CNN Continues To Treat Conservative “Scam PAC” As Legitimate

CNN has continued to bolster the national profile of Tea Party Express in the lead up to the presidential election despite widespread reporting that the supposed grassroots organization exists largely to funnel money into the coffers of the group's founders.

Amy Kremer

During the 2010 election cycle, Our Country Deserves Better, the political action committee that launched the Tea Party Express, was repeatedly criticized for its spending practices. According to Talking Points Memo, from July through November of 2009, almost two-thirds of the group's expenditures went to the GOP consulting firm whose lead partner co-founded the PAC.

Since the midterm elections, CNN has hosted Tea Party Express spokespeople numerous times and even co-hosted a Republican presidential primary debate with the group.

While receiving this heavy promotion from CNN, Our Country Deserves Better PAC has continued to engage in dubious spending practices.

A recent Politico piece labeled Our Country Deserves Better as “perhaps the best example” of “scam PACs,” groups that spend only a fraction of their revenue for their stated purpose of helping political candidates. According to Politico, Our Country Deserves Better has spent more than 91 percent of its revenue on “fundraising expenses, travel, and other overhead costs”:

In the presidential race, too, a handful of outside groups have popped up to raise millions of dollars and spend them with jaw-dropping inefficiency. Perhaps the best example is a group dubbed Our Country Deserves Better PAC, a rebooted version of the Tea Party Express, which spent heavily in Senate races in the 2010 cycle. In the 2012 election, Our Country Deserves Better has collected $7.8 million, so far, with more than three-quarters of that money coming in through small increments that the FEC does not itemize.


Despite its robust fundraising, Our Country Deserves Better PAC has reported just $488,907 in independent expenditures. A full 91.6 percent of its revenue went to “other federal operating expenditures” -- fundraising expenses, travel and other overhead costs. [Politico, October 17]

But despite its controversial spending habits, which have prompted questions about whether the group is too closely aligned with GOP operatives and less in line with the tea party's grassroots movement, CNN continues to regularly promote Tea Party Express. Amy Kremer, the chair of the Tea Party Express, has appeared on CNN at least 19 times since last October to discuss the group's political activities and offer her perspective on a number of policy issues, such as entitlement spending and health care reform. Kremer has also appeared on NPR and MSNBC, and made five appearances on Fox News. 

And even though the PAC came under scrutiny a few years ago for reportedly serving as little more than a slush fund for the Republican consulting firm that started it, its spending strategy appears not to have changed much. According to a Media Matters review of Federal Election Commission filings, the PAC has disbursed about $2.4 million to Russo, Marsh and Associates, that same consulting firm, since January 2011, out of a total $7.2 million spending. The firm's founder, Sal Russo, was also a co-founder of Tea Party Express and is listed as a chief strategist for the Our Country Deserves Better PAC. Joe Wierzbicki, a principal at the consulting firm, is also the PAC coordinator for Our Country Deserves Better.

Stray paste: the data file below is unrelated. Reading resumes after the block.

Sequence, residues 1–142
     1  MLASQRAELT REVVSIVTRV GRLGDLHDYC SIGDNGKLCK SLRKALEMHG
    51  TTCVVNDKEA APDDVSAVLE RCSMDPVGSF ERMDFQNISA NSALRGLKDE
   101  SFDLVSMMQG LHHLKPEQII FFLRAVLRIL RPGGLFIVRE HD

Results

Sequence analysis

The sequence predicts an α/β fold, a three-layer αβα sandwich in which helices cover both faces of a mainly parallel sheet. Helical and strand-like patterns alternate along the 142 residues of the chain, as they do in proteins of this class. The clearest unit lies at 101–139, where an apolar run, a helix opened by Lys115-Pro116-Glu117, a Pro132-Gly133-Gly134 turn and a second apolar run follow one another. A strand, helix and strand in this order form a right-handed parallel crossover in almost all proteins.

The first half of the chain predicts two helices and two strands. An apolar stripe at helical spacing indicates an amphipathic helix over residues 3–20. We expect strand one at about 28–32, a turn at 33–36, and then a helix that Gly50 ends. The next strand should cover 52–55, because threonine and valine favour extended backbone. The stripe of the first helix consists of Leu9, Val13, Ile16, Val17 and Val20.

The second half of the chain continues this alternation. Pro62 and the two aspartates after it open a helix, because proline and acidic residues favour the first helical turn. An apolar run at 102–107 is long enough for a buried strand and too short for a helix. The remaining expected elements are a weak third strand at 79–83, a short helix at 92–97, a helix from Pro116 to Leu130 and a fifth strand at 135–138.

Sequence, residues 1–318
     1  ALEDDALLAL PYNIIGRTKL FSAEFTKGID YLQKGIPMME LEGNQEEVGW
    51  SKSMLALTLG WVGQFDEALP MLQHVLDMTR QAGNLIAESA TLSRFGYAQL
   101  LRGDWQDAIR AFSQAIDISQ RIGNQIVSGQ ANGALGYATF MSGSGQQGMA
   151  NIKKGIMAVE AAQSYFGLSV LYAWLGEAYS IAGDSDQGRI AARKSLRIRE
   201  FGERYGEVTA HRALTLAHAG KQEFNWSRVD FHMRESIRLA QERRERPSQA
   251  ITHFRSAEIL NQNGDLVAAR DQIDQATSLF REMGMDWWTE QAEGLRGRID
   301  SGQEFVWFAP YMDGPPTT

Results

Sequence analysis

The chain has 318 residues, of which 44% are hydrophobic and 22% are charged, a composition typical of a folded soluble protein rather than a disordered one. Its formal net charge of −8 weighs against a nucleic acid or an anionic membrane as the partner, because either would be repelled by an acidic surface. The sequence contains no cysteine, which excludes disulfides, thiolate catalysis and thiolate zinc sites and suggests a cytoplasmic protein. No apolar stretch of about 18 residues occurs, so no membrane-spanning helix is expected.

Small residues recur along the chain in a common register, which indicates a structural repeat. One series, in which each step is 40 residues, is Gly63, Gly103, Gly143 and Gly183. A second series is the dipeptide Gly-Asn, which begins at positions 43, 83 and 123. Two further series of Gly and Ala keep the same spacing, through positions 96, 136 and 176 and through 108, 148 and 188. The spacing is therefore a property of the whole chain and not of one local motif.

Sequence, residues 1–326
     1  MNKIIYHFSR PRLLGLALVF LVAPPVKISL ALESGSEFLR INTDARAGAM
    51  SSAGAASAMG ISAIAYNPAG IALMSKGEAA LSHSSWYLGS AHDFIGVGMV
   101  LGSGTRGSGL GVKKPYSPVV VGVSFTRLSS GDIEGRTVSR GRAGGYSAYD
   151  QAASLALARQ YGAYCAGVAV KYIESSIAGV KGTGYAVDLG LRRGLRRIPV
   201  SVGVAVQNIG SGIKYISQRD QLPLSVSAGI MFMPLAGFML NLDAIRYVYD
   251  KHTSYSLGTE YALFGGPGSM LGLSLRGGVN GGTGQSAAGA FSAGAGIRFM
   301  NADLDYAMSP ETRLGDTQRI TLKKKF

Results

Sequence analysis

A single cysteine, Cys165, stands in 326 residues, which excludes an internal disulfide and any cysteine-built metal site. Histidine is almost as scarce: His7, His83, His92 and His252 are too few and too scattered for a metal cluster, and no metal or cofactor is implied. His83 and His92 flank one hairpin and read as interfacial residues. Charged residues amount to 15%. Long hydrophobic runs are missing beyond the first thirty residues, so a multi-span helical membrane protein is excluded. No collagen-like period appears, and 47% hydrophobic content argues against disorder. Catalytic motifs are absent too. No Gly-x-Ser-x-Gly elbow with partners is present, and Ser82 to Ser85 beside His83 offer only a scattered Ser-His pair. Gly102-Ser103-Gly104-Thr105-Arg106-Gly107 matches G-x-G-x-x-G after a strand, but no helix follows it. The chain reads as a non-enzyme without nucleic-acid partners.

MSNBC's Rachel Maddow covered the story in January 2011, calling the Tea Party Express a “scam” for receiving “donations from people who thought they were donating to the Tea Party movement, [but] what they really giving their money to, mostly, was old Sal Russo.” (Russo has also received the mainstream media treatment, appearing once on NPR and twice on Fox this year).

Despite all of this, CNN partnered with the Tea Party Express for what it called a “first-of-its kind” debate last September during the Republican primary. The Tea Party Express touted the event on its website as an indication that “the tea party, which began as a small grassroots movement, has grown tremendously in size and influence to become a powerful force in American politics.”

What both CNN and the Tea Party Express fail to acknowledge, though, is that some factions of the Tea Party movement have distanced themselves from the Express and its PAC. According to 2009 article in the Washington Independent, Tea Party Patriots, a grassroots organization that Kremer co-founded, “see the Tea Party Express as a sham organization.” A 2010 Politico piece also noted the rift between the PAC and local grassroots activists, as “the Tea Party Express's high profile has angered tea party leaders who are suspicious of its big payments to Russo Marsh, [and] view the bus tours as distractions from meaningful grassroots organizing.”  

CNN appears to not have covered the controversy surrounding the Tea Party Express. It did, however, cite Sal Russo in an August 2012 story on the Tea Party's relationship with the GOP, who claims that the Republican Party is “coming around” to the tea party movement.

The Tea Party Express has also been a favorite of Fox News, which has helped promote the group and advertise its bus tours in the lead up to the 2010 midterm elections. Kremer appeared on Fox & Friends in March 2010 to dismiss claims that the group is orchestrated by the Republican Party, calling it instead “a true, genuine, grassroots movement.”